In the UK, documents leaked to Greenpeace’s energy desk show that a government-backed initiative considered proposals for reducing EU rules on fire-safety on the very day of the Grenfell Tower fire. The director of this Red Tape Initiative, Nick Tyrone, told the Guardian that these proposals were rejected. Yet government attempts to water down other EU regulations, such as the energy efficiency directive, still stand.

In America, this blame-game is even more highly charged. Republicans have sworn to replace what they describe as Obama’s “war on coal” with a war on regulation. “I am taking historic steps to lift the restrictions on American energy, to reverse government intrusion, and to cancel job-killing regulations,” Trump announced in March. While he has vowed “to promote clean air and clear water,” he has almost simultaneously signed an order to unravel the Clean Water Rule.

This rhetoric is hurting the very people it claims to protect: miners. From the Ashes shows the many ways that the industry harms wider public health, from water contamination, to air pollution. It also makes a strong case that the American coal industry is in terminal decline, regardless of possibile interventions from government or carbon capture.

Charities like Bloomberg can only do so much to pick up the pieces. The foundation, which helped fund the film, now not only helps support job training programs in coal communities after the Trump administration pulled their funding, but in recent weeks it also promised $15m to UN efforts to tackle climate change – again to help cover Trump's withdrawal from Paris Agreement. “I'm a bit worried about how many cards we're going to have to keep adding to the end of the film”, joked Antha Williams, a Bloomberg representative at the screening, with gallows humour.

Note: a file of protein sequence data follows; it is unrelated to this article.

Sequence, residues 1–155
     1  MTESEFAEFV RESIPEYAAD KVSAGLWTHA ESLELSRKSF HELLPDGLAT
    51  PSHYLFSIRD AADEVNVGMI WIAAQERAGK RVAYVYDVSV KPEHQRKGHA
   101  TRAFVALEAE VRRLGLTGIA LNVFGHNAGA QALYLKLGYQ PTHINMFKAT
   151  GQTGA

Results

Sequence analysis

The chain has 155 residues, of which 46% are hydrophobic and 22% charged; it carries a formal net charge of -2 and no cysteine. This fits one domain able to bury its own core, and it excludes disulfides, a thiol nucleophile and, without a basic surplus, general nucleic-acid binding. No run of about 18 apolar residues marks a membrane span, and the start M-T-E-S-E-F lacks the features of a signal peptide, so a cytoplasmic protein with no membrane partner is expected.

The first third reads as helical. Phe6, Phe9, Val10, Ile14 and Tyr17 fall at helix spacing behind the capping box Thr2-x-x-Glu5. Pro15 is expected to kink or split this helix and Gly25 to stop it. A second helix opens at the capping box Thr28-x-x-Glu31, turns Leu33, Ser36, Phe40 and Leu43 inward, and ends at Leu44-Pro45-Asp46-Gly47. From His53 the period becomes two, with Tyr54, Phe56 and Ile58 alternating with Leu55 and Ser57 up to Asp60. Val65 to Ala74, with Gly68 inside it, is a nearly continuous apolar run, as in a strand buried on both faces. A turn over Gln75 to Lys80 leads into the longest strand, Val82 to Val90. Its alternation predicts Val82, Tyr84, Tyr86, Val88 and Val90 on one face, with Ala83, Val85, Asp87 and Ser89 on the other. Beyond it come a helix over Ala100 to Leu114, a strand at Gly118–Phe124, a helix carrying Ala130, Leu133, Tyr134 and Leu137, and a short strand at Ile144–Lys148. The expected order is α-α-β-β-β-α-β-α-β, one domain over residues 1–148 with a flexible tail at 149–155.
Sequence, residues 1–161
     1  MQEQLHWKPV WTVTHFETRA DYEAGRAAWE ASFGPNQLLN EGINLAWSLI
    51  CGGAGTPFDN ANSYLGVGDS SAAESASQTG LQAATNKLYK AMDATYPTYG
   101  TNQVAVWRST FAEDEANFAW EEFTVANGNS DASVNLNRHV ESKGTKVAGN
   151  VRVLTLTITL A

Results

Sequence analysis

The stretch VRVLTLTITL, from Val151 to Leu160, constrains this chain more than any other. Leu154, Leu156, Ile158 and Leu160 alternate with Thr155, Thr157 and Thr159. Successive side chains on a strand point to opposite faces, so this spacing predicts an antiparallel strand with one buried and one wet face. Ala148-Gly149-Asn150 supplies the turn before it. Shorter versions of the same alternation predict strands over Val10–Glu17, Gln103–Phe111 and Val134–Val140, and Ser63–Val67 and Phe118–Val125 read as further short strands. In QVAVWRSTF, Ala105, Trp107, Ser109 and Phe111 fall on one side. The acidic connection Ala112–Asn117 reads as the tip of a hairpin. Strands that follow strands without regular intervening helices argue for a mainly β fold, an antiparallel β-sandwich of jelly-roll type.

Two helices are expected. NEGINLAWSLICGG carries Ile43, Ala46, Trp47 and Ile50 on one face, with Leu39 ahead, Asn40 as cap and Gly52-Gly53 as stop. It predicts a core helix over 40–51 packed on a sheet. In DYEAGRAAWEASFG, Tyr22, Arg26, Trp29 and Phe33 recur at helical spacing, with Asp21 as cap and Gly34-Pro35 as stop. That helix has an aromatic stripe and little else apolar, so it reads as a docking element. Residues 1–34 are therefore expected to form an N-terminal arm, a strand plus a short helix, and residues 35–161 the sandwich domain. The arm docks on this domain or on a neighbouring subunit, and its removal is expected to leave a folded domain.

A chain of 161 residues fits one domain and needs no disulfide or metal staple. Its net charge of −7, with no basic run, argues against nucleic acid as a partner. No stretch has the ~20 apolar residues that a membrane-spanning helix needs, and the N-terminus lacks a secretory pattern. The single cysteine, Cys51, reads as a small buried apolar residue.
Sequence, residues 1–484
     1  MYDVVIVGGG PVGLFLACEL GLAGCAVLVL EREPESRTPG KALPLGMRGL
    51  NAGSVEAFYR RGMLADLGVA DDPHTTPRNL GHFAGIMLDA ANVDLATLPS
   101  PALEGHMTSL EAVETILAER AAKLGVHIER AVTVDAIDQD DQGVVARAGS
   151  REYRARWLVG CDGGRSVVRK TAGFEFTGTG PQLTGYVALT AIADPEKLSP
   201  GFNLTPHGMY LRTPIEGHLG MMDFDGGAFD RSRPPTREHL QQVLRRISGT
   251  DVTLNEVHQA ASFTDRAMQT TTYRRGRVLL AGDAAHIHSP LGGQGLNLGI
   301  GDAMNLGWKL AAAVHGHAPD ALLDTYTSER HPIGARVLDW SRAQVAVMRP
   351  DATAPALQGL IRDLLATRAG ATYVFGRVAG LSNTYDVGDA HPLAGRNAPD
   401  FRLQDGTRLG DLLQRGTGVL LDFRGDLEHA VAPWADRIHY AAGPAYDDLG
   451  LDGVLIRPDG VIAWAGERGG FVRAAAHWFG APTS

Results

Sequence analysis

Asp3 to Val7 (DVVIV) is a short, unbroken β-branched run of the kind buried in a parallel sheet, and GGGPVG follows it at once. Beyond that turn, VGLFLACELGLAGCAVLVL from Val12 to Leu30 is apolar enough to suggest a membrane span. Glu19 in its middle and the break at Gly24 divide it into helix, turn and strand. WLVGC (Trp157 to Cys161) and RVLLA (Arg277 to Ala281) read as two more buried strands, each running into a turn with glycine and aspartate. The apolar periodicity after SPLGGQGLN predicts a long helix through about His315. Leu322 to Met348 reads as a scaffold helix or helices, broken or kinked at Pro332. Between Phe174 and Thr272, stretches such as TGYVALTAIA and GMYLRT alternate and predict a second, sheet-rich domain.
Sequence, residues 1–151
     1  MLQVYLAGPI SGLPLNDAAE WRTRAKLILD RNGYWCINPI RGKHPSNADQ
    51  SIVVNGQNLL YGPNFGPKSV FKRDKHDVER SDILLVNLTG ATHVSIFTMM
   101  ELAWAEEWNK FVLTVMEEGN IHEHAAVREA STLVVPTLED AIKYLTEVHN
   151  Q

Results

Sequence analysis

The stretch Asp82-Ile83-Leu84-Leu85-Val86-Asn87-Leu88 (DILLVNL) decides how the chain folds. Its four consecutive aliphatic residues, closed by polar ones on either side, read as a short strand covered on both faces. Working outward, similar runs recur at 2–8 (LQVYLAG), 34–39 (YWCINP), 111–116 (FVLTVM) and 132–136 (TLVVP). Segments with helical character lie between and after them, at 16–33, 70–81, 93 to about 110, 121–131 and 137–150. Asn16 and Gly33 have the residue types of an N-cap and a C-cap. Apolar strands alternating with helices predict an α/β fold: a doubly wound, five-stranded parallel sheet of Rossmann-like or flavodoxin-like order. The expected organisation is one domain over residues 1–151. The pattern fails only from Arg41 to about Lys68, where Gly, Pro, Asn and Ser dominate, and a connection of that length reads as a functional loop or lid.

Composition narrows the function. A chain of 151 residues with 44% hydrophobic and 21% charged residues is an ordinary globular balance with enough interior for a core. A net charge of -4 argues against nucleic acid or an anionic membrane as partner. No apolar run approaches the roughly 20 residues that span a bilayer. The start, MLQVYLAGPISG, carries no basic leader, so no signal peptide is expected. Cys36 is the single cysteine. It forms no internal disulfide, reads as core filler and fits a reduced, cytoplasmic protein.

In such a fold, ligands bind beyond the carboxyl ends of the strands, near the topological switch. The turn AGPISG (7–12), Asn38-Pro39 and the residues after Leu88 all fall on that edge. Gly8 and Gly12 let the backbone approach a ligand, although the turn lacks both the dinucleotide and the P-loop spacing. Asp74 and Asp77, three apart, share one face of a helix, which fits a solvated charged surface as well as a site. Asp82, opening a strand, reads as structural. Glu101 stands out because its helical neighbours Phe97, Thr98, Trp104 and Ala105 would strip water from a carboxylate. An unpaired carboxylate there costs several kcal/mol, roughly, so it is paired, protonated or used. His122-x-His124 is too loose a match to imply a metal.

Hope also lies with local governments and mayors. The publication of the mayor’s own environment strategy is coming “soon”. Speaking in panel discussion after the film, his deputy mayor for environment and energy, Shirley Rodrigues, described the move to a cleaner future as "an inevitable transition".

Confronting the troubled legacies of our fossil fuel past will not be easy. "We have our own experiences here of our coal mining communities being devastated by the closure of their mines," said Khan. But clean air begins with clean politics; maintaining old ways at the price of health is not one any government must pay. 

'From The Ashes' will premiere on National Geograhpic in the United Kingdom at 9pm on Tuesday, June 27th.

India Bourke is an environment writer and editorial assistant at the New Statesman.

0800 7318496